Presentation on theme: "REMEMBER What is the Welfare State? What is the difference between the ‘collectivist’ and ‘individualist’ approach?"— Presentation transcript:
REMEMBER What is the Welfare State? What is the difference between the ‘collectivist’ and ‘individualist’ approach?
IS THIS POVERTY? WHY?
Definitions of Poverty There is no single definition of Poverty. There are two different ways of defining poverty: Relative Absolute
Absolute Poverty This term is used to describe the type of poverty experienced in very poor, lesser developed countries. This could be when people are living on very little money to survive, for example $1/2 per day. In the United Kingdom nobody lives on incomes this low. So, does absolute poverty exist in the UK? In recent years the government has defined absolute poverty as households living on half the average national income.
Relative Poverty Relative poverty is defined in terms of the society in which a person lives. It applies to wealthy, developed countries such as the UK. A ‘minimum income standard’ is set, beneath which a person is said to be living in poverty. ‘Households below Average Income’ is a government report which is published regularly. This report measures levels of poverty in the UK, based on the number of people living on an income of below 60 per cent of the average national income.
Social Exclusion Social exclusion is more than just the absence of money; it is the inability to take part in activities which would enable a person to get out of poverty. The government has defined social exclusion as: “What can happen when people or areas suffer from a combination of linked problems such as unemployment, poor skills, low incomes, poor housing, high crime, bad health and family breakdown”. There are a variety of groups in the UK who are vulnerable to social exclusion – for example: women, ethnic minorities, lone parents, older people and people from certain geographical areas (like rural areas with poor access to services). People who are socially excluded may have low aspirations and few expectations of attaining highly paid jobs or being educated to a high standard.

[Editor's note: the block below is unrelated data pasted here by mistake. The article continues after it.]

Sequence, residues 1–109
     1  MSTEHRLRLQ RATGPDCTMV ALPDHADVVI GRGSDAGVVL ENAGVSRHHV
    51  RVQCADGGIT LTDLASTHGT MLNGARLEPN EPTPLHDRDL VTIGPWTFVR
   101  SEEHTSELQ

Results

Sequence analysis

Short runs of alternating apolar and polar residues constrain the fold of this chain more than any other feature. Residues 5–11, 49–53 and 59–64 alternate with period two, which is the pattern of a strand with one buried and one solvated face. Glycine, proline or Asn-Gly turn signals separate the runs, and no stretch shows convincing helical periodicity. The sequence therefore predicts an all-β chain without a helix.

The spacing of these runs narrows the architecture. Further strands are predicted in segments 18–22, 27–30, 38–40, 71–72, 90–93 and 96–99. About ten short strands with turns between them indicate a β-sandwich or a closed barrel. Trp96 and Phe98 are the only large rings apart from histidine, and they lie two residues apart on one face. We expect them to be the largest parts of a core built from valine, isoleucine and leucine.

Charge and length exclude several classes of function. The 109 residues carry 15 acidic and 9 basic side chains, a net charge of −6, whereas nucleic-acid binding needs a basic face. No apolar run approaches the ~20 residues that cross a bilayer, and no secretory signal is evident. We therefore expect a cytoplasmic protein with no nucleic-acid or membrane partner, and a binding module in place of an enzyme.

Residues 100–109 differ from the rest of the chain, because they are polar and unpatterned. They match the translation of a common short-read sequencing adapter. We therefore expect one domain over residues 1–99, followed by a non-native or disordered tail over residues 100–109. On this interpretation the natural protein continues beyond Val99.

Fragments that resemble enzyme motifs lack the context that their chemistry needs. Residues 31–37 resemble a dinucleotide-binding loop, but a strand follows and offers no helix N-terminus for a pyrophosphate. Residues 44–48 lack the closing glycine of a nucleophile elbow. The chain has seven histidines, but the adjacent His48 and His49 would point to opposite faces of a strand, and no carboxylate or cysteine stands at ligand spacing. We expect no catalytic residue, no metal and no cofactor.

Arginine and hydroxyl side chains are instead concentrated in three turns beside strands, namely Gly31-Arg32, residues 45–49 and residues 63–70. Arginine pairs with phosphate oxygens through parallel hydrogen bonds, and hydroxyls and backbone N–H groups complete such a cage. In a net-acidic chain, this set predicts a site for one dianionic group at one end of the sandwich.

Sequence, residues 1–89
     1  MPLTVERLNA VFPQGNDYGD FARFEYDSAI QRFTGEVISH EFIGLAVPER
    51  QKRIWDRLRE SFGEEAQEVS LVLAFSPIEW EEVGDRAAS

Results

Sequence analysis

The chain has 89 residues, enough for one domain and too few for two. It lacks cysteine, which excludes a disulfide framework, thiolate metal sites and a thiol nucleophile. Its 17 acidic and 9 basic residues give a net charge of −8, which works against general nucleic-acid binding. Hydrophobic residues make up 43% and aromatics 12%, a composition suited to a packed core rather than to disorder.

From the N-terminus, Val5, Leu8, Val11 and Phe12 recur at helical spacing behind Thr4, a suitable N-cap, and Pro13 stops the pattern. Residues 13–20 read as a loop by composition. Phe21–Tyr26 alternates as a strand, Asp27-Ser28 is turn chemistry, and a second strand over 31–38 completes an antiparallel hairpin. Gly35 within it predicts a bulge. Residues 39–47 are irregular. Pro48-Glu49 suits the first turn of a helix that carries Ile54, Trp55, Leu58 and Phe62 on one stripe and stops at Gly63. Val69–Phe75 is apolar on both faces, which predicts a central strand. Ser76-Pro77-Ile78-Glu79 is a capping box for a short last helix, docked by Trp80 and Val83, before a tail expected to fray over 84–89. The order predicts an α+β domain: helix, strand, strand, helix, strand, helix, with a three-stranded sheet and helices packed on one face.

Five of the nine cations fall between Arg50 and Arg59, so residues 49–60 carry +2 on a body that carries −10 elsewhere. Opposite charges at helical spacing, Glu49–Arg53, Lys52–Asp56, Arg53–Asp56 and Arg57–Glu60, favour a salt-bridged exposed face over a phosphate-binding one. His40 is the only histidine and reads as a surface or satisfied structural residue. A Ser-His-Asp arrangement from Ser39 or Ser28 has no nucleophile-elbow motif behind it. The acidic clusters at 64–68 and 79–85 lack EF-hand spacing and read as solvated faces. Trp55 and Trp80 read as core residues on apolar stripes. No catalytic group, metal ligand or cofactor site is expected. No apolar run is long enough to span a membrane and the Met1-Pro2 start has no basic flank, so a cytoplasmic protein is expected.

Separation from friends and family Separation from the environment Separation from social services Social Exclusion
Separation from the environment This may be due to… Fewer qualifications / skills, A low income, Unemployment
These reasons and others such as being retired mean that a person is not receiving an income that means they can afford to gain access to various resources that are seen by society to be necessities. This is ultimately a type of poverty called relative poverty. Separation from the environment
According to a report done by Save the Children, almost 10% of Scottish children are living in severe poverty. According to the “Living Below The Radar”, nearly 10% of children aged 15 and under living with both parents are living on £7000 or less a year after housing costs. 72% of these children are living in families which bring in no income from jobs. Separation from the environment
This may be due to… Lone parent families, Being elderly Isolation from neighbours Having no family. Separation from family and friends
The “Living Below The Radar” report found that of the children living in severe poverty, 20% can’t afford to celebrate their birthday or similar events. The report also found that ¼ of these children miss out on going to playgroups due to cost. These youngsters are ultimately being excluded from society due to their parent’s lack of money. Separation from family and friends
This may be due to… Being alienated from education, Being denied access to decent housing, Being denied access to health services. Separation from social services
POVERTY (p.50-51) 1.Define absolute and relative poverty. What is the difference? 2.Why is the term ‘social exclusion’ useful when talking about poverty? 3.Give an example of social exclusion. 4.Which groups are more vulnerable to poverty? Why?